The Case for Lean Portfolio Management Part 1 - Traditional Project Selection is Slow and Expensive

This article will be the first in a series on Lean Portfolio Management. Today we’ll start by talking about the problems inherit in the traditional project selection process and how Lean Portfolio Management can help.

Traditionally, approval of large projects is done once a year and aligned to the corporate budget cycle. This process can cause several problems for an organization whose goal is to be responsive in the marketplace.

“Budget Scramble Bottleneck” seen in traditional project selection.

“Budget Scramble Bottleneck” seen in traditional project selection.

By approving large projects once a year, organizations are inhibiting their ability to react quickly to market forces. Once you've set budgets for the fiscal year, there is a scramble to get projects approved before all the money or capacity runs out. Your funding is now locked in for approved projects, and there is no money left for new ideas discovered during the year. Considering typical lead time for business cases can be at least 4-6 months, we're almost always working on ideas that 6 months to a year old or more!

Yearly approval processes increase the stakes for getting funding. Sponsors only get one shot a year at getting work funded, so this model incentivizes the creation of large business cases. We'll talk about some of the issues with incentivizing large initiatives in a later post. For now, let's focus on how it makes the approval process slower and more expensive.

We're also making the process very expensive and wasteful. Let's look at the contributing factors:

  1. We've incentivized the planning of large initiatives

  2. Business cases for those large initiatives require months of planning and many people.

  3. There are limited funds in the organization for new initiatives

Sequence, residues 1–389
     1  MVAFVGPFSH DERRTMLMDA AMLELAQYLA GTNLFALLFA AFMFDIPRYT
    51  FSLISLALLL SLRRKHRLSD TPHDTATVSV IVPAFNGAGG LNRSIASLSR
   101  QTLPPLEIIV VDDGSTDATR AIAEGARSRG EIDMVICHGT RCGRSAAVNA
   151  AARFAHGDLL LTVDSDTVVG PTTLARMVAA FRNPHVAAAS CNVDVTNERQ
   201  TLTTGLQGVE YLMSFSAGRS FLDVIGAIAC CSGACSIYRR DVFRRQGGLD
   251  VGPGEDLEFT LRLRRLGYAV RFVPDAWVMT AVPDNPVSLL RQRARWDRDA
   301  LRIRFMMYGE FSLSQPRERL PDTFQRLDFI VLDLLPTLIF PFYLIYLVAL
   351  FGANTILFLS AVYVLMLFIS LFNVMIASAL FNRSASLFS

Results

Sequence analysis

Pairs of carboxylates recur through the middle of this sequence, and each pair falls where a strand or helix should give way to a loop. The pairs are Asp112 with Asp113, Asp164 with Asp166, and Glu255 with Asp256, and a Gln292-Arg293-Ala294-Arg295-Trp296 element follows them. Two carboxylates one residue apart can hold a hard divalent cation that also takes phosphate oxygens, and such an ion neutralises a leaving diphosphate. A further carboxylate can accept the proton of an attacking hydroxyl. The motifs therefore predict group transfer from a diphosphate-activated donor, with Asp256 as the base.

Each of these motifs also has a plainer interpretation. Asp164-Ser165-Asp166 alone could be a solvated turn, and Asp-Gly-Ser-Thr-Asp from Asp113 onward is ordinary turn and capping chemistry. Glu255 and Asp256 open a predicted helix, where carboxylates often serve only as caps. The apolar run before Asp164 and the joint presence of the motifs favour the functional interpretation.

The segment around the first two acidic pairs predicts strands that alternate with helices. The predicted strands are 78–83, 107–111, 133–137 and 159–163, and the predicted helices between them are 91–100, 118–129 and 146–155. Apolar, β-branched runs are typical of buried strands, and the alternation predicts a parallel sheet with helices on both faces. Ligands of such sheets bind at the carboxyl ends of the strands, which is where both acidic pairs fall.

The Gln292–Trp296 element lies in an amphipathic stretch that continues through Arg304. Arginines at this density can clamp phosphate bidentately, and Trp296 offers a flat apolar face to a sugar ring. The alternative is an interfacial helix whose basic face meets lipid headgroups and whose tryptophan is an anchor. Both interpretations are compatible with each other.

Waste in traditional business case approval process.

Waste in traditional business case approval process.

Many of the initiatives we've developed business cases for won't get approved. The time spent creating detailed business cases for each of these projects is waste, making it a costly way to select initiatives for funding. A company I worked with recently spent an average of 14 months and over a million dollars each on business cases. When we looked at the number of initiatives approved each year compared to the number submitted, we found that only about 18% received approval. We can't hope to eliminate the need for analysis before starting work completely, but we should seek to minimize it as much as possible. 

So what's the alternative?

Increase speed with a continuous selection process throughout the year and reducing the size of initiatives. By making the initiative selection decision more frequently, we provide multiple options for initiative selection and more options for new ideas to enter the pipeline. I've worked with several organizations that have found success with reviewing these investment opportunities quarterly, but see what works for you. The key lies in reducing the size of your initiatives and reevaluating investment opportunities regularly. How frequently you should do this is a function of the amount of volatility in your market. For more information on how to develop products iteratively in small batches using MVPs and validating value hypotheses, the Lean Startup community is a great place to start.

Solve the "budget scramble" process by funding capacity, not projects. Many of the organizations I've worked with have found success in switching their funding model to be product or value stream based rather than project-based. That switch has enabled those organizations to reduce the size of initiatives and make investment decisions more frequently.

Reduce the cost of initiative selection by using lean business models. We may not be able to reduce the need for research and analysis on initiatives that may get shelved, but we can minimize it. In my experience, these selection decisions are primarily made based on the executive summary in the business case and a few primary pieces of supporting data. Since those are the pieces of information that we care about anyway, why not limit our business cases to just those elements? Look at SAI's Lightweight Business Case or Strategyzer's Lean Canvases for examples of how to provide the essential information necessary to make investment decisions much more quickly and economically. 

Not only can we make funding and selecting investment opportunities faster, more adaptive, and less expensive to start; we can also remove large amounts of risk in the process. We'll touch on that topic a little more in the next part of this series.


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